Despite the release of Khodorkovsky and Pussy Riot members, Russia's opposition is cautious in thinking there's been a major change in President Putin's policies.
Russian opposition activists expressed joy and relief about the release of Mikhail Khodorkovsky and two Pussy Riot members Nadezhda Tolokonnikova and Maria Alyokhina.
"Ten years of life taken away due to unjust sentencing … Carrying himself, throughout the whole ten years, with such tremendous dignity. What's he harbouring right now in his mind and in his soul?" opposition leader Alexei Navalny wrote in his blog shortly after Khodorkovsky's release. "Whatever he's feeling, we should congratulate Mikhail on the fact that today, he'll get to embrace his family."
"It's a victory for Khodorkovsky. Thanks to his position, thanks to the fight by Russian human rights activists, and not least thanks to German politicians, he is finally free now," Soya Svetova told DW. She's a human rights activist and author of a book on political prisoners in Russia.
The situation is presented quiet differently in Russian state media. Here, Putin is portrayed as the winner, while it's suggested that Khodorkovsky gave in and asked the president for mercy, in doing so admitting his guilt. State television describes the former oil tycoon as a "false hero."
Brushing up before Sochi
Members of civil society are wondering why exactly Putin pardoned his most important enemy. "In past years there's been one basic principle: Khodorkovsky remains in prison as long as Putin is in power. What now? Is there a new epoch with the old principles no longer valid?" Russian poet Lev Rubinstein wrote on Facebook.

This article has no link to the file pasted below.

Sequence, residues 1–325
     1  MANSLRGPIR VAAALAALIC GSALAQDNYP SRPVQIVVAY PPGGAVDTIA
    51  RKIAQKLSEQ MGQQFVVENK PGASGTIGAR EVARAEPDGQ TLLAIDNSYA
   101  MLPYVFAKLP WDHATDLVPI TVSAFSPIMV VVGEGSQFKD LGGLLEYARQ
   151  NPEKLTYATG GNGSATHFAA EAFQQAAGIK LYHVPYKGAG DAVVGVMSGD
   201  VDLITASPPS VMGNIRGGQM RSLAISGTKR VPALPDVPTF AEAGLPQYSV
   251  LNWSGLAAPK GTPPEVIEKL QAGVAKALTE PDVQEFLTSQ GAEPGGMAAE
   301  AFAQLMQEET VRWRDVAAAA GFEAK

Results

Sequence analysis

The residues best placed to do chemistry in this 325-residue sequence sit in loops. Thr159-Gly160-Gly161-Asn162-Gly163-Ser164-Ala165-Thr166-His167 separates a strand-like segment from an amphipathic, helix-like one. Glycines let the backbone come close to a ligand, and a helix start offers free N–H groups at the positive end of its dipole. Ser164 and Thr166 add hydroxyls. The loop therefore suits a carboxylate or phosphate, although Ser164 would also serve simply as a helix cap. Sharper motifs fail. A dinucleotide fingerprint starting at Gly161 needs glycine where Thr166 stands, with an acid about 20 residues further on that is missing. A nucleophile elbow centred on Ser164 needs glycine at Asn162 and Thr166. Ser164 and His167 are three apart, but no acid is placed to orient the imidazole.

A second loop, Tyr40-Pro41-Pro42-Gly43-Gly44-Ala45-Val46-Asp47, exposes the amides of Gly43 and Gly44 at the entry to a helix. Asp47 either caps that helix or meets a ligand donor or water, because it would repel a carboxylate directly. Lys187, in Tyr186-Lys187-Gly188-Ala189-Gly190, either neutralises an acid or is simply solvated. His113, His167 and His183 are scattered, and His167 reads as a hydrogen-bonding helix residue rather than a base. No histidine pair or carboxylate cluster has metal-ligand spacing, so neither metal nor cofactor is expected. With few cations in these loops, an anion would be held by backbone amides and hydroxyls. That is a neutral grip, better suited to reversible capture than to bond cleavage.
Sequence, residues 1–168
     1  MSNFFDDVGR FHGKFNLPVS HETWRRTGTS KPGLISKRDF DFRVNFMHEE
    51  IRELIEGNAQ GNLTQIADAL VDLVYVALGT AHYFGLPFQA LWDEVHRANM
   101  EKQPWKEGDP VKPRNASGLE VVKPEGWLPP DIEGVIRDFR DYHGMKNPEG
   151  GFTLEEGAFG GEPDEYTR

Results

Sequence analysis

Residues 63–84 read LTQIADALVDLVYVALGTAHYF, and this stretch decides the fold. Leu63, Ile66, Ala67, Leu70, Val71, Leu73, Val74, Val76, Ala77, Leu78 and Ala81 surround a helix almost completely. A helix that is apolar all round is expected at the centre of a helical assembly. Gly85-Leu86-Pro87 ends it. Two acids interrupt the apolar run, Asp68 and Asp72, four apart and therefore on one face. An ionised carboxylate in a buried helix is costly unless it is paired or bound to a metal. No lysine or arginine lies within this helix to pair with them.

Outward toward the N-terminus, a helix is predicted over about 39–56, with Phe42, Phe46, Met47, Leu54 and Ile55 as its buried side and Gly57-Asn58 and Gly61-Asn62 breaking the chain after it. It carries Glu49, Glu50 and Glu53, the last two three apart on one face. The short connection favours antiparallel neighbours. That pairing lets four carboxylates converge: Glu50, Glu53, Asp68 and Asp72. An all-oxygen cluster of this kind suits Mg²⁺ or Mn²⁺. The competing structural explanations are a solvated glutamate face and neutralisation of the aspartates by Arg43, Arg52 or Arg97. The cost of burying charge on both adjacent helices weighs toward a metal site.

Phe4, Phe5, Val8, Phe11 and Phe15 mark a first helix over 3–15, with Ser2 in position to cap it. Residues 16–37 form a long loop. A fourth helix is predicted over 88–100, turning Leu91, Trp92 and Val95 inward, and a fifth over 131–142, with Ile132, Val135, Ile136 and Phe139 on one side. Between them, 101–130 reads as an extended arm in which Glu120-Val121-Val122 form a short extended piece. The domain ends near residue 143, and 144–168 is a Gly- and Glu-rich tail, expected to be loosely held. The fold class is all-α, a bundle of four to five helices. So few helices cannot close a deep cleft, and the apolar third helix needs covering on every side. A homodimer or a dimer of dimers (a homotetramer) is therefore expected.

Bukovsky thinks Putin merely wants so improve Russia's image ahead of the Sochi games
Many Russian opposition activists believe the sudden amnesty for a number of prisoners is an attempt to improve the country's image abroad. Former Soviet dissident Vladimir Bukovsky wrote on the website Snob that the Kremlin is very unhappy about the boycott of the Sochi Olympics. "The government is planning the games in order to improve Russia's image, not vice versa," Bukovsky writes.
He sees the situation as in some ways similar to the 1980 Olympics in Moscow. Back then, a campaign to boycott the games was successful in the sense that the government released a number of prisoners.
"The winter games are Putin's favorite project. When it became known that six heads of state don't want to attend, he had to do something about it - even if that meant releasing his archenemy," Svetova said.
Fighting for human rights
Civil rights activist Marat Gelman thinks Pussy Riot could play a decisive role here. He pointed out in his blog that they, and not Khodorkovsky, became the symbol of resistance against Putin. Khodorkovsky could engage in charity or write about his experience, Bukovsky thinks: "Many people want to know how it was. The 10 years in prison will give his memoir a lot of significance."
Concern for other prisoners
Olga Romanova heads up a civil rights group for Russian prisoners. "Is this a thaw?" she asked after Khodorkovsky's release. Svetova believes that releasing such a limited number of prisoners cannot compare to the thaw period under Khrushchev, or the large scale amnesty under Gorbachev.
"In past years, we Russian human rights activists felt betrayed by the West," said Svetova. This lost trust has been partially regained through efforts to fight for Khodorkovsky's release, she thinks. But it's important to keep up the pressure on the Russian government. "The most prominent political prisoners have been released, but hundreds of innocent people remain in prison," she said.